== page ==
Laws on Wills in Pennsylvania

By Lisa Magloff

A will is a legal document that helps you to organize your affairs before you die, and allows you to leave your assets to the people you designate as your beneficiaries. If you die without a will, your assets will be distributed according to default Pennsylvania laws, rather than to the people you chose. In Pennsylvania, the laws in the Pennsylvania Consolidated Statutes Title 20 – Decendents, Estates and Fiduciaries govern wills.

Making a Will

In Pennsylvania, anyone over the age of 18 may make a will, as long as they are of sound mind. In legal terms, “sound mind” generally means that the person has not been declared incompetent in a court hearing such as in a trial or a civil commitment hearing. If a testator, who is the person making the will, is the sole living parent or guardian of a minor, he may use the will to appoint a guardian for the child. However, he can only do this if he has been providing for the child and performing his parental duties such as caring for the child.

Laws on Signatures

In Pennsylvania, wills are not valid and legally binding unless they are in writing and signed by the testator. Anything written after the signature, such as an addition to the will, cannot invalidate any part of the will. If the testator cannot write his signature, he can make a mark instead. This is valid as long as two people witness it and also sign the will. The testator's name can also be signed by someone else, as long as the testator is present and declares the document to be his will in front of two witnesses who also sign the will.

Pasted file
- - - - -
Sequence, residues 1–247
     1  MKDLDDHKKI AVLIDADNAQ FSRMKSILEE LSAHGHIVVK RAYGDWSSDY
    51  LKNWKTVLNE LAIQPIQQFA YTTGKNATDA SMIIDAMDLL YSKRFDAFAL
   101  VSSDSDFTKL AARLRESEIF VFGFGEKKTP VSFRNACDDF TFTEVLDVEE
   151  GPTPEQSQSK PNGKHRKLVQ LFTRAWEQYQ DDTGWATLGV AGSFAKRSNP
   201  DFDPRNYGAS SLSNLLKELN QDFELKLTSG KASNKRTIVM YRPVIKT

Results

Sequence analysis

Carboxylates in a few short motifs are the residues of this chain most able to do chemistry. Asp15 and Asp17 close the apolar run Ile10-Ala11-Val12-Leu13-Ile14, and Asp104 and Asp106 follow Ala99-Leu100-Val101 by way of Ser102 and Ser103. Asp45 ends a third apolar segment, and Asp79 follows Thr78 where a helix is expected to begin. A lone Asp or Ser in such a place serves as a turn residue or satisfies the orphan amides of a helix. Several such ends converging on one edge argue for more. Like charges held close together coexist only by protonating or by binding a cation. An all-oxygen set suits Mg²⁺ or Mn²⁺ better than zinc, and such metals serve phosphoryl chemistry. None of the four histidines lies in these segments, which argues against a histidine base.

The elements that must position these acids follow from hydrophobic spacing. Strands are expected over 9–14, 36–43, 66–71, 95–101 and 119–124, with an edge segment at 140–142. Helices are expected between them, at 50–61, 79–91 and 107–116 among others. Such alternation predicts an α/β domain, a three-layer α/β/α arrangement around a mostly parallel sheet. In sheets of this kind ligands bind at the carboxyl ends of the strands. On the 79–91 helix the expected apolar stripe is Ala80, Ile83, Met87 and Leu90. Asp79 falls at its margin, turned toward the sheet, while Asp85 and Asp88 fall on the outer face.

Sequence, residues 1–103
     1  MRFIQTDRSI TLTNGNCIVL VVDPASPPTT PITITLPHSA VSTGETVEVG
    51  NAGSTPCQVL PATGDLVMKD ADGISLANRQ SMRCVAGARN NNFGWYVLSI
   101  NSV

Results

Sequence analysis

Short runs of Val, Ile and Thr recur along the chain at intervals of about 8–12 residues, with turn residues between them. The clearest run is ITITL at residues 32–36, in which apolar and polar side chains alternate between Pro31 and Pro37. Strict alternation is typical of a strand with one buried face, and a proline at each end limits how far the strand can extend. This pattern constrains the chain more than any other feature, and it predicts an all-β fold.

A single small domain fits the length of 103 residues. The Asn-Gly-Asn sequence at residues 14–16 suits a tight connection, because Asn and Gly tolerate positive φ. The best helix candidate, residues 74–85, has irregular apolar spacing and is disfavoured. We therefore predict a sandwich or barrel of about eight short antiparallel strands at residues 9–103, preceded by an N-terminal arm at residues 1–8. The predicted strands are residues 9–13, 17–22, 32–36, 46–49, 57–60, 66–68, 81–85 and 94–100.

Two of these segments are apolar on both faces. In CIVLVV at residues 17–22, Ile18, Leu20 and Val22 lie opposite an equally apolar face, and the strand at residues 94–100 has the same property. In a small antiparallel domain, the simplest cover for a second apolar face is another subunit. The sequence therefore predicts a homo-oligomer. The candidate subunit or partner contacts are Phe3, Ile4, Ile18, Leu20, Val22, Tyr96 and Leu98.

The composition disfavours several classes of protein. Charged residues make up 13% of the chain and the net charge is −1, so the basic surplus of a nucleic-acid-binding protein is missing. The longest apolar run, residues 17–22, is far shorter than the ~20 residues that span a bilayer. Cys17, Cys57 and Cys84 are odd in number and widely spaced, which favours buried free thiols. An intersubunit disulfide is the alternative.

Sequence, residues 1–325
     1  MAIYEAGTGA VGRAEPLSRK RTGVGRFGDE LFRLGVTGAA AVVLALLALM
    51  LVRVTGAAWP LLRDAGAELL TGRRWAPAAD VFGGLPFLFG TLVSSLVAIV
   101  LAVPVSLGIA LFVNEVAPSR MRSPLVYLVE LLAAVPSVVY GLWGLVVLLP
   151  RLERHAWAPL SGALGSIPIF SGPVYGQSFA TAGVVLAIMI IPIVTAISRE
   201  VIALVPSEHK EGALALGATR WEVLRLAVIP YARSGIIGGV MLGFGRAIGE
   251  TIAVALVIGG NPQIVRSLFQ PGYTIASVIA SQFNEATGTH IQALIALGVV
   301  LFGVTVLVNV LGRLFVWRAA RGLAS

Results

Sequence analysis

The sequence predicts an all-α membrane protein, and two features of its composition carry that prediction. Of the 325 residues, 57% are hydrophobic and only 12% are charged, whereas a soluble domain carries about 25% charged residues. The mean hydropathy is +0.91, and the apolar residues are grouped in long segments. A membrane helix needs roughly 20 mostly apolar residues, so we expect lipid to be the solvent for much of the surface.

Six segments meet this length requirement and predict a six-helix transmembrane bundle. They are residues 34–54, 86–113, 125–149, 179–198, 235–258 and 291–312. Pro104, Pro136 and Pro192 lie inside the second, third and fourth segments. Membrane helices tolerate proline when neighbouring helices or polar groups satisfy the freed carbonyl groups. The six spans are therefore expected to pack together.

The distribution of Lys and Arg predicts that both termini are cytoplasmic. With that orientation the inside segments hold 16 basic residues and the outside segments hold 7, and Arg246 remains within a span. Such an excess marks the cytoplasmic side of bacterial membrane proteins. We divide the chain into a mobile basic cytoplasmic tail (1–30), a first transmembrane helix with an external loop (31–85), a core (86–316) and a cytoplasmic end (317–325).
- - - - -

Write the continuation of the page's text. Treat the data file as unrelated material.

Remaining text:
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Revocation Laws

Pennsylvania law states that you can revoke a will, or part of a will, by writing a new will or codicil. A testator can also revoke a will by destroying it with the intention of revoking it. Additionally, another person, under the direction of the testator and in front of two witness, may also destroy the will, thereby revoking it.

Laws Regarding Modification

There are several ways in which wills can be legally modified in Pennsylvania. One is by adding a codicil. Another is if the testator divorces after making a will. In this case, any provisions in the will leaving assets or money to the former spouse, automatically become void. If the testator marries after making a will, the surviving spouse is entitled to a share of the testator's estate, even if she is not mentioned in the will. In this case, the surviving spouse is entitled to same share she would receive if the testator had died without a will.

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Virginia Statute of Wills

References

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